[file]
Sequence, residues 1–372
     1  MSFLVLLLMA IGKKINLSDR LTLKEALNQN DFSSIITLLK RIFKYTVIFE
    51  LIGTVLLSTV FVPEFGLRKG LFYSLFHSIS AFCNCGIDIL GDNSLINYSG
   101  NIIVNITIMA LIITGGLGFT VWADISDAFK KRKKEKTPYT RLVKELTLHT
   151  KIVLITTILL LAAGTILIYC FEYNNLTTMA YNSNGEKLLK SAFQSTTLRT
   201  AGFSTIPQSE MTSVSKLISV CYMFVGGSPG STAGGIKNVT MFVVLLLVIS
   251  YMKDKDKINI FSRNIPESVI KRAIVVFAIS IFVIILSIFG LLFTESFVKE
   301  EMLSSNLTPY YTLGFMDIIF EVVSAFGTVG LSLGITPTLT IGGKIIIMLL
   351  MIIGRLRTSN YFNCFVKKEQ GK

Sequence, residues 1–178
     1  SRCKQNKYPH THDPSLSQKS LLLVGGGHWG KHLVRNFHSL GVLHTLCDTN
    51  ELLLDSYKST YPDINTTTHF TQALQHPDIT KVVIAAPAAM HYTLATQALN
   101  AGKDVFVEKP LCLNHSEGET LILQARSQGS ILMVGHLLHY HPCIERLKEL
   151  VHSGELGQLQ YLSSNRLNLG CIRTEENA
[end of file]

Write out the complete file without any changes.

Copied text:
Sequence, residues 1–372
     1  MSFLVLLLMA IGKKINLSDR LTLKEALNQN DFSSIITLLK RIFKYTVIFE
    51  LIGTVLLSTV FVPEFGLRKG LFYSLFHSIS AFCNCGIDIL GDNSLINYSG
   101  NIIVNITIMA LIITGGLGFT VWADISDAFK KRKKEKTPYT RLVKELTLHT
   151  KIVLITTILL LAAGTILIYC FEYNNLTTMA YNSNGEKLLK SAFQSTTLRT
   201  AGFSTIPQSE MTSVSKLISV CYMFVGGSPG STAGGIKNVT MFVVLLLVIS
   251  YMKDKDKINI FSRNIPESVI KRAIVVFAIS IFVIILSIFG LLFTESFVKE
   301  EMLSSNLTPY YTLGFMDIIF EVVSAFGTVG LSLGITPTLT IGGKIIIMLL
   351  MIIGRLRTSN YFNCFVKKEQ GK

Sequence, residues 1–178
     1  SRCKQNKYPH THDPSLSQKS LLLVGGGHWG KHLVRNFHSL GVLHTLCDTN
    51  ELLLDSYKST YPDINTTTHF TQALQHPDIT KVVIAAPAAM HYTLATQALN
   101  AGKDVFVEKP LCLNHSEGET LILQARSQGS ILMVGHLLHY HPCIERLKEL
   151  VHSGELGQLQ YLSSNRLNLG CIRTEENA